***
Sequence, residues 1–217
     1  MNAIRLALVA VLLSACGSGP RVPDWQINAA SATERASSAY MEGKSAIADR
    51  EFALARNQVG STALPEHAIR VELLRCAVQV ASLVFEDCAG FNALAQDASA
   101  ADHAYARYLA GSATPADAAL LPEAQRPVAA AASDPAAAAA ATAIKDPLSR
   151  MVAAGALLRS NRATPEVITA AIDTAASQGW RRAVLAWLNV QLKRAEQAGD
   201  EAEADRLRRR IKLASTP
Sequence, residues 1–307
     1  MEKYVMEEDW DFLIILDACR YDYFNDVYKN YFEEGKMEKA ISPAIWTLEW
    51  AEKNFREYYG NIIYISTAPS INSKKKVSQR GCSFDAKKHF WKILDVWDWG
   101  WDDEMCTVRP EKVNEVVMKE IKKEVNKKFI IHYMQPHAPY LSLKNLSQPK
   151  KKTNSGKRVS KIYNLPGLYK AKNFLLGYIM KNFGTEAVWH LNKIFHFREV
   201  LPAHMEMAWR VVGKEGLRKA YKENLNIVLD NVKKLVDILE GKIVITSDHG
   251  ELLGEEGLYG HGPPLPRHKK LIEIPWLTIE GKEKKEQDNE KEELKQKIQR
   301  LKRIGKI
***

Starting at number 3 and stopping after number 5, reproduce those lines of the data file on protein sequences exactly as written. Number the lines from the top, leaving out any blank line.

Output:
    51  EFALARNQVG STALPEHAIR VELLRCAVQV ASLVFEDCAG FNALAQDASA
   101  ADHAYARYLA GSATPADAAL LPEAQRPVAA AASDPAAAAA ATAIKDPLSR
   151  MVAAGALLRS NRATPEVITA AIDTAASQGW RRAVLAWLNV QLKRAEQAGD